Rare 'corpse flower' blooms in Australia
A 2m-tall flower, known for its pungent odour which has been likened to rotting flesh, has bloomed in Australia.
South Australia's Mount Lofty Botanic Garden has been growing the Amorphophallus Titanium, more commonly called the Corpse Flower, for 10 years.
About two weeks ago the plant's famously pungent flower began to grow, before finally opening on Monday.
Matt Coulter, a horticulture curator at the garden, said the flower's "rotten fish smell" was overpowering.
"When I opened the door this morning it almost knocked me over, it was so strong," he said.
Coulter, who has been tending the flower for the last eight years, said he was ecstatic that it had flowered for the first time.
"It's fantastic. I didn't think it would ever flower," he said.
"It comes from [the Indonesian island of] Sumatra, so we've been keeping it warm in winter and cool in summer, and keeping the humidity high.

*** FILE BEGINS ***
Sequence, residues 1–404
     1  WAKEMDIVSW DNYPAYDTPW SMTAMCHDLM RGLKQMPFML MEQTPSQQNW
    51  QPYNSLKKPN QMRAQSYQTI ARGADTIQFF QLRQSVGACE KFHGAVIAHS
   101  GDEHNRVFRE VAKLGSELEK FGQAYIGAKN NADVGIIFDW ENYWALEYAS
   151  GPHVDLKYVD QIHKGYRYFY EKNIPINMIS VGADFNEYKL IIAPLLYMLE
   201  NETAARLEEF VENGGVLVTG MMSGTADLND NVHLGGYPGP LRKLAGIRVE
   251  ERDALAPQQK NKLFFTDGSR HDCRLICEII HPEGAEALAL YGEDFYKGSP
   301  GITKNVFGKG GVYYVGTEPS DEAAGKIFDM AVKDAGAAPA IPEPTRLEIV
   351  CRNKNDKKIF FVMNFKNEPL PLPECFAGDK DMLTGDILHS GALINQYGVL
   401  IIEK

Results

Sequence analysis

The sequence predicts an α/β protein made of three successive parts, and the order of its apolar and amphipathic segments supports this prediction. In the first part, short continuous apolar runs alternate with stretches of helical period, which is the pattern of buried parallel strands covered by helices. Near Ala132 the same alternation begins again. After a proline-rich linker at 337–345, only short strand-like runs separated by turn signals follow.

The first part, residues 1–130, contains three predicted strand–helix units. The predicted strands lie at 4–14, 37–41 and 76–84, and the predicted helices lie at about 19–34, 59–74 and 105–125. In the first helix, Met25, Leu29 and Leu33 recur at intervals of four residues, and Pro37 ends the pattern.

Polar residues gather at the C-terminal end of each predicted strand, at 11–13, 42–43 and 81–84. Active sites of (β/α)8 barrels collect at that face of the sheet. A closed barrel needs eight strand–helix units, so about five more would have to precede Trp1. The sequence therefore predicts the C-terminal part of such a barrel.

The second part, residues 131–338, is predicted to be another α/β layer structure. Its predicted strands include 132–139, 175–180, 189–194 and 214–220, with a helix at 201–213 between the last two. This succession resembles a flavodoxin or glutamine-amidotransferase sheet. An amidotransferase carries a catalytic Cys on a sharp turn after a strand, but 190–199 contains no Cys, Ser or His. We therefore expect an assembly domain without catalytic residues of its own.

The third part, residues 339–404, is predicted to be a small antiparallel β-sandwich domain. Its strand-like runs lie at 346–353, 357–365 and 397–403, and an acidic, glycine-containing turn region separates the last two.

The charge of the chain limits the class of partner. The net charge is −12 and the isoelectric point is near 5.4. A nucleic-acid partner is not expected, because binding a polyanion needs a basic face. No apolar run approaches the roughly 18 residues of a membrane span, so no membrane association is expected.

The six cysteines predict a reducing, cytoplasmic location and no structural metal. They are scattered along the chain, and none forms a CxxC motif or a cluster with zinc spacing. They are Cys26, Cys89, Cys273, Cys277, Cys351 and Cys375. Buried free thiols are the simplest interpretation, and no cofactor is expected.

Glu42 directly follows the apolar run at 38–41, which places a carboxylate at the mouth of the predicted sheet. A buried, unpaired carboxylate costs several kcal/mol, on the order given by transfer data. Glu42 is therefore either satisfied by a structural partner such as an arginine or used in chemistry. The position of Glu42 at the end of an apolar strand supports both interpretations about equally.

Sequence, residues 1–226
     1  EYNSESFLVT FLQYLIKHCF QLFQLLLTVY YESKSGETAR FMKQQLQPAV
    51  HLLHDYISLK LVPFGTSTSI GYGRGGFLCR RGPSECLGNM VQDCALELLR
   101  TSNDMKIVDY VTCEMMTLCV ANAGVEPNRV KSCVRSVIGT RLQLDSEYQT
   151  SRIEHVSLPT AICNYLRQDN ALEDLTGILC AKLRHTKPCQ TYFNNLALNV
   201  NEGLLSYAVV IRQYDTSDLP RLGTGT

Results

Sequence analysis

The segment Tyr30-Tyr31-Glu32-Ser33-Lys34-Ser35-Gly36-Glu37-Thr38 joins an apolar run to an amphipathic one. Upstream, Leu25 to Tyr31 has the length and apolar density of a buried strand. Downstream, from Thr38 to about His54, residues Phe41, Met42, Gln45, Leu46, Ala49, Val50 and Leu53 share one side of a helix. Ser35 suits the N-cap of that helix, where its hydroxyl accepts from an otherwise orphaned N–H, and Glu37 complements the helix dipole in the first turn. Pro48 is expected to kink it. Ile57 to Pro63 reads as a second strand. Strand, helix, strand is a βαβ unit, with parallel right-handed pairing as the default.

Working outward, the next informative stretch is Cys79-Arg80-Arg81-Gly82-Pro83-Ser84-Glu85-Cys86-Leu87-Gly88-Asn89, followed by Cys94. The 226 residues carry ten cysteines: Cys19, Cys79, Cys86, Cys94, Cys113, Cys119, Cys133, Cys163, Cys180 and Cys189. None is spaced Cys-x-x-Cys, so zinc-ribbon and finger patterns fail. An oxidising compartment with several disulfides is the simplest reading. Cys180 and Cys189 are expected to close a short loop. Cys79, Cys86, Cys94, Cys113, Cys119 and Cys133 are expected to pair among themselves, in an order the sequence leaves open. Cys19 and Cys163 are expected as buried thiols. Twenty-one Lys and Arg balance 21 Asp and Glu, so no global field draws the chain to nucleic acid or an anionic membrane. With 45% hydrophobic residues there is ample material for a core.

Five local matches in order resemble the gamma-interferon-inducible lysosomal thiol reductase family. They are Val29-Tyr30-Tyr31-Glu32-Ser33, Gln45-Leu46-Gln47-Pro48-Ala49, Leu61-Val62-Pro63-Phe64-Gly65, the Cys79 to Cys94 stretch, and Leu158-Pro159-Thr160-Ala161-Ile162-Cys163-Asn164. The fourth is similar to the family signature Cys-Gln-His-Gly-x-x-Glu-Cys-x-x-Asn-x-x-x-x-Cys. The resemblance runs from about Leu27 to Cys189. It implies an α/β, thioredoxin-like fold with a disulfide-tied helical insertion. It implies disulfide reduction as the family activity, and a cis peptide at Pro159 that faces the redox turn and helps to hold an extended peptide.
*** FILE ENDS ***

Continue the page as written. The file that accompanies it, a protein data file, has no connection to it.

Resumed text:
The corpse flower cannot self-pollinate and its stench attracts sweat bees and carrion beetles that live on animal carcasses.
In the wild, these animals will carry the plant's pollen to other corpse flowers.
Queues of visitors have been lining up to see - and smell - the flower at Mount Lofty Botanic Garden since it began opening on Monday.
The flower will last for just 48 hours before it collapses in on itself.
Other flowers have been grown in botanical gardens around the world, attracting visitors when they bloom.